Scientists who witnessed the eruption of a deep sea volcano during a 2009 expedition report that the volcano was taking place near a tear in the planetary crust that is mimicking the birth of a subduction zone.
A study of their findings was published in the journal Nature and depicts the collection of boninite, a comparatively rare and chemically distinct lava that has only been found in conjunction with the formation of our planet’s subduction zones – the process that takes place at the boundaries of tectonic plates whereby one slips under another – and only then, collected from long-dead volcanoes millions of years old.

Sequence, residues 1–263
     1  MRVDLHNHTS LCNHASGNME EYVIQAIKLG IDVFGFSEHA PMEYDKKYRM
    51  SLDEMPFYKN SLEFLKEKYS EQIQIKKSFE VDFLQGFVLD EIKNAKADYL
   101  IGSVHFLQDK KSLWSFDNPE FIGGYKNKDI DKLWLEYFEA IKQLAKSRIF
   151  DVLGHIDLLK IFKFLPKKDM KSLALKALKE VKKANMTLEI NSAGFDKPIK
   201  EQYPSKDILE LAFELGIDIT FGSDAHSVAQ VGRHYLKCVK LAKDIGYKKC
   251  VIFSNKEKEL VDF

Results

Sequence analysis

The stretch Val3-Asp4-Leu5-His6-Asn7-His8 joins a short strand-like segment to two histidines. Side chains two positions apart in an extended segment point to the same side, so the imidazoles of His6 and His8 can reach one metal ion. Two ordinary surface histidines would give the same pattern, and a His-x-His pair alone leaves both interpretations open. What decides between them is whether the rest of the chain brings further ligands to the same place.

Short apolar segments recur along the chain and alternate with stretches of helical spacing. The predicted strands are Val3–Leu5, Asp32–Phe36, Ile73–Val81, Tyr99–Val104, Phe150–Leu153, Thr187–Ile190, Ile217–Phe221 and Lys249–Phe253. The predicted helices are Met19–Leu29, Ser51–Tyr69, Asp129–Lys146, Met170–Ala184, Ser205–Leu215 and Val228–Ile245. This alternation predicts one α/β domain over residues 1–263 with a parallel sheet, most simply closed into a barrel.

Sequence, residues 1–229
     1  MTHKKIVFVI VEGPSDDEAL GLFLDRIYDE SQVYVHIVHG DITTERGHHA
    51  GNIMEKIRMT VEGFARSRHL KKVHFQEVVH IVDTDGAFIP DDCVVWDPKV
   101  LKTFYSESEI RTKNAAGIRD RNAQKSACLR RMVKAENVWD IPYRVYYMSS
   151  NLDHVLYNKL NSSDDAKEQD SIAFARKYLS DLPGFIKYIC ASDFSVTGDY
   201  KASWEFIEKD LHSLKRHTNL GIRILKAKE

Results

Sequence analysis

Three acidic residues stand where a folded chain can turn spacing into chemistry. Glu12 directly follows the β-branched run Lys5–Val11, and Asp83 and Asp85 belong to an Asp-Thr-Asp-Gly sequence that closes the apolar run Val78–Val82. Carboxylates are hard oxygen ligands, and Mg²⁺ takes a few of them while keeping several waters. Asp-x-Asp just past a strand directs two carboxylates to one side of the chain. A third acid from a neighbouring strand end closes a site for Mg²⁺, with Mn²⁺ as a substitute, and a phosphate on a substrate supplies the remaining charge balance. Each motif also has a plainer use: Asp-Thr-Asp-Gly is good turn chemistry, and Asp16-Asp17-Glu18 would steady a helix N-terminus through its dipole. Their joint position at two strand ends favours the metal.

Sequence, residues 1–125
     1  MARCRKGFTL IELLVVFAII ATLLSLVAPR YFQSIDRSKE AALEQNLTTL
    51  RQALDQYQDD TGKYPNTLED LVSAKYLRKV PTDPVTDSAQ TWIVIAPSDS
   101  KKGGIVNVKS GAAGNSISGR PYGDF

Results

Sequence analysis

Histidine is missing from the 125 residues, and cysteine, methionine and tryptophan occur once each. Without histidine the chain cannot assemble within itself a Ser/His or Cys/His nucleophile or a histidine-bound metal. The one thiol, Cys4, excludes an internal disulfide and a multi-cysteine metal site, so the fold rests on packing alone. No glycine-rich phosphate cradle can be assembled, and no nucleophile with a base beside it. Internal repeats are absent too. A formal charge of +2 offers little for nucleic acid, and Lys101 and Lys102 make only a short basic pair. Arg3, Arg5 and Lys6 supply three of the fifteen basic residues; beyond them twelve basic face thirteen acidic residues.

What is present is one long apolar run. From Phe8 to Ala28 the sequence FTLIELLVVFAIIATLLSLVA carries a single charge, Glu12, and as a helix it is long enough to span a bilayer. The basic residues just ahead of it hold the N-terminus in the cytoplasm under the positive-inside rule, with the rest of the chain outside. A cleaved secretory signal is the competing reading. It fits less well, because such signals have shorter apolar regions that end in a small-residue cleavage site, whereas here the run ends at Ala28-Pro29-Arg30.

According to Joseph Resing, an oceanographer from the University of Washington and lead author of the online article, nobody has ever collected fresh boninite and scientists have never had the opportunity to monitor its eruption either.
“Everything about the eruption itself – how fast, how intense, the ratio of lava to explosive fragments, the amount and composition of gas released – is new to us,” said co-author Kenneth Rubin, University of Hawaii geologist. “Plus, having a young, fresh occurrence of this very rare rock type to study gives us the opportunity to examine subtle chemical and mineralogical variations in a pristine specimen.”
Source: University of Washington